Uniform Crime Reports
Crestview Police Department Uniform Crime Reports (UCR) Statistics
“The Uniform Crime Reporting (UCR) Program is a nationwide, cooperative statistical effort of more than 17,000 city, university and college, county, state, tribal, and federal law enforcement agencies voluntarily reporting data on crimes brought to their attention. Since 1930, the FBI has administered the UCR Program and continued to assess and monitor the nature and type of crime in the Nation. The Program’s primary objective is to generate reliable information for use in law enforcement administration, operation, and management; however, its data have over the years become one of the country’s leading social indicators. Criminologists, sociologists, legislators, municipal planners, the media, and other students of criminal justice use the data for varied research and planning purposes.”
Get the Statistics:
Go to http://www.fdle.state.fl.us/fsac/ucr/ for the Official Annual and Semi-Annual Uniform Crime statistics for Crestview and all cities and counties in Florida.
Official Annual Uniform Crime statistics for all reporting cities nationally will also be located at the Federal Bureau of Investigations UCR link at http://www.fbi.gov/ucr/ucr.htm
The above links are the only official UCR sites to obtain UCR guidelines or statistics for the City of Crestview or Okaloosa County (other city and county UCR data is available as well).
Historical background of UCR
“Recognizing a need for national crime statistics, the IACP formed the Committee on Uniform Crime Records in the 1920s to develop a system of uniform crime statistics. After studying state criminal codes and making an evaluation of the recordkeeping practices in use, the Committee completed a plan for crime reporting that became the foundation of the UCR Program in 1929. The plan included standardized offense definitions for seven main offense classifications known as Part I crimes to gauge fluctuations in the overall volume and rate of crime. Developers also instituted the Hierarchy Rule as the main reporting procedure for what is now known as the Summary reporting system of UCR.
The seven Part I offense classifications included the violent crimes of Murder and non-negligent manslaughter, forcible rape, robbery, aggravated assault, and the property crimes of burglary, larceny-theft, and motor vehicle theft. By congressional mandate, arson was added as the eighth Part I offense category in 1979. (Does not include all crimes in a jurisdiction only those defined above)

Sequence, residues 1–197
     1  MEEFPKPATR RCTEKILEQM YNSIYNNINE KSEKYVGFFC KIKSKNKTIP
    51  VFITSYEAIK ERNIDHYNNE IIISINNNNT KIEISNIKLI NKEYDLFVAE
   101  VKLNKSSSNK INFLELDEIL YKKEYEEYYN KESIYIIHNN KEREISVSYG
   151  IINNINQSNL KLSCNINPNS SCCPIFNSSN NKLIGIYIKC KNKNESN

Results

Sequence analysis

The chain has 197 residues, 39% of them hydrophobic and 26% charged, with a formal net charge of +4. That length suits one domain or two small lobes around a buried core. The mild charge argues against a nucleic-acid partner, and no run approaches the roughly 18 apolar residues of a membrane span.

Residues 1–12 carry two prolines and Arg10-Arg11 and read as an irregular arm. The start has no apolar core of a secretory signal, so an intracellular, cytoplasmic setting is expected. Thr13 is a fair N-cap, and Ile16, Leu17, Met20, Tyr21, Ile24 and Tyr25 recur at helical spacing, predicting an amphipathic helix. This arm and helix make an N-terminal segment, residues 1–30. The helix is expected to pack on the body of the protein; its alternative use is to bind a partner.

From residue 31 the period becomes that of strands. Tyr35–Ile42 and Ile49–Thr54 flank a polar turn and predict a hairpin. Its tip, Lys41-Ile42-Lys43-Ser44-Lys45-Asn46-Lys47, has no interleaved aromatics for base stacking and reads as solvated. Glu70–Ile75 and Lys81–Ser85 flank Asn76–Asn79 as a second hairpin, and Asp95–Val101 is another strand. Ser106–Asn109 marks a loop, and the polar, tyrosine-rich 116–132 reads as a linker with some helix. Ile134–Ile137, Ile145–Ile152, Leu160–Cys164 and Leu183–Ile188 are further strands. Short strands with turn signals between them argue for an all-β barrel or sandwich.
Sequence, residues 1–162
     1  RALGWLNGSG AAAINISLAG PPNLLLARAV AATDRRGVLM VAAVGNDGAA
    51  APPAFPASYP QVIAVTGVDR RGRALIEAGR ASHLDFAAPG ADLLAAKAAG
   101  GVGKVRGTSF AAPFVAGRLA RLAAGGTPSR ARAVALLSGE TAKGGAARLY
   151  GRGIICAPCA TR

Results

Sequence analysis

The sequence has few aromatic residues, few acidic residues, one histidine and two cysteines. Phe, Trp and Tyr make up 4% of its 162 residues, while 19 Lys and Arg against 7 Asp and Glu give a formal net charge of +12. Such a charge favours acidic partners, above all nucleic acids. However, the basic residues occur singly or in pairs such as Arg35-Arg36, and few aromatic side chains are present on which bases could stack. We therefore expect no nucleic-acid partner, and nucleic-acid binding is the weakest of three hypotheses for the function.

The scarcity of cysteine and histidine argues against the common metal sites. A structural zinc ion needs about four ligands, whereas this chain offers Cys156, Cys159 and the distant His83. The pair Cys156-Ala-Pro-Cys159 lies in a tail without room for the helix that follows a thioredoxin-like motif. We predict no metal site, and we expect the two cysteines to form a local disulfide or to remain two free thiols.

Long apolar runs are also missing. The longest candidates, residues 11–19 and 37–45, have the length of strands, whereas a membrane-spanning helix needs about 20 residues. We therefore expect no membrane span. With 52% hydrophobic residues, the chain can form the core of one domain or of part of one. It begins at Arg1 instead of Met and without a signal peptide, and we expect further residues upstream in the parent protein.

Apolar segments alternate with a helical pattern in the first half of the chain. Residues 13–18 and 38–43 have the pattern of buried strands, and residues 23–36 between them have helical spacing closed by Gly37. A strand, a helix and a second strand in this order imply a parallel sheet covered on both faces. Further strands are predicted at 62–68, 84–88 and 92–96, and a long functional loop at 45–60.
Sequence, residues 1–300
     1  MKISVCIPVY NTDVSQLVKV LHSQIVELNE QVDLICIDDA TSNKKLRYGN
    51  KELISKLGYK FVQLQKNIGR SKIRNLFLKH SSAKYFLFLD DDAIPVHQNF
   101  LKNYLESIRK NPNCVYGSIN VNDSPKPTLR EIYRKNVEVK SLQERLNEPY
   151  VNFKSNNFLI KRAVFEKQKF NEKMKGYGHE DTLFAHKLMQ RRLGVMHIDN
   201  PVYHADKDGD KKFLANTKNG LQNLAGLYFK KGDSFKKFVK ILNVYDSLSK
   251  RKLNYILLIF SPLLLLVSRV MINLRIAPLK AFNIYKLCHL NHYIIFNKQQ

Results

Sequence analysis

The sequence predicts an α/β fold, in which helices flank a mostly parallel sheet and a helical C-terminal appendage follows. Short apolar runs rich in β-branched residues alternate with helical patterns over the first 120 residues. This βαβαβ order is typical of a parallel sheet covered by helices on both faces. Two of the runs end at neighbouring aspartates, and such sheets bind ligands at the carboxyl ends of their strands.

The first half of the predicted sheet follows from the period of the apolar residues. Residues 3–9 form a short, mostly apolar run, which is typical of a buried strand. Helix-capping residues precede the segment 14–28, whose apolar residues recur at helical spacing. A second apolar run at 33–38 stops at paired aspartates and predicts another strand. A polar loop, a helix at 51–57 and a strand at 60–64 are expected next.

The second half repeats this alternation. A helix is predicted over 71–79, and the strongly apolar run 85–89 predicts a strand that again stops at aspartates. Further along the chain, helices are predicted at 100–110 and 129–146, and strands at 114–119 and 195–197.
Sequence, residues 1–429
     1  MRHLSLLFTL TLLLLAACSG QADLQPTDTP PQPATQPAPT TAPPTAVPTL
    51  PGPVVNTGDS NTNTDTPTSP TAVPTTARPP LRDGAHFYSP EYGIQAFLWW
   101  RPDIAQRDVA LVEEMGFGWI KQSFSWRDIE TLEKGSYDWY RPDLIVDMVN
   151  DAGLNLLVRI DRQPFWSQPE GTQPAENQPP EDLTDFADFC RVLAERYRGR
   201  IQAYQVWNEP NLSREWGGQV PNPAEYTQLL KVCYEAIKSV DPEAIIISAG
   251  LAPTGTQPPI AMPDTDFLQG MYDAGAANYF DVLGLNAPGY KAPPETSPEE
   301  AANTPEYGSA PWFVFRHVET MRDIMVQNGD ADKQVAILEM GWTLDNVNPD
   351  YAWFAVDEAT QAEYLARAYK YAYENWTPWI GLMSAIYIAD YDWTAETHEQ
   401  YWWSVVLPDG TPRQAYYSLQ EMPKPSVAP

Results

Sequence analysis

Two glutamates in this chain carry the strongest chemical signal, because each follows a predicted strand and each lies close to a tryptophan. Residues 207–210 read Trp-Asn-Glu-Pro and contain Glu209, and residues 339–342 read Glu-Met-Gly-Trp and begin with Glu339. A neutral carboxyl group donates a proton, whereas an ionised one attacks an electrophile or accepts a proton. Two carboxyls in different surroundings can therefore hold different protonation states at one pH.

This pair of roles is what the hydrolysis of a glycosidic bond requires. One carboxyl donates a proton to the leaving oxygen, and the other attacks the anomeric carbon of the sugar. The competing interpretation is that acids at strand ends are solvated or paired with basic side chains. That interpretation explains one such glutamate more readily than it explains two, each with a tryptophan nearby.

In January 1930, 400 cities representing 20 million inhabitants in 43 states began participating in the UCR Program. Congress enacted Title 28, Section 534, of the United States Code authorizing the Attorney General to gather crime information that same year. The Attorney General, in turn, designated the FBI to serve as the national clearinghouse for the crime data collected. Every year since, data based on uniform classifications and procedures for reporting offenses and arrests have been obtained from the Nation’s law enforcement agencies.
Cautions against Rankings:
Variables Affecting Crime
“Each year when Crime in the United States is published, many entities—news media, tourism agencies, and other groups with an interest in crime in our Nation—use reported figures to compile rankings of cities and counties. These rankings, however, are merely a quick choice made by the data user; they provide no insight into the many variables that mold the crime in a particular town, city, county, state, region, or other jurisdiction. Consequently, these rankings lead to simplistic and/or incomplete analyses that often create misleading perceptions adversely affecting cities and counties, along with their residents.” Consider other Characteristics of a Jurisdiction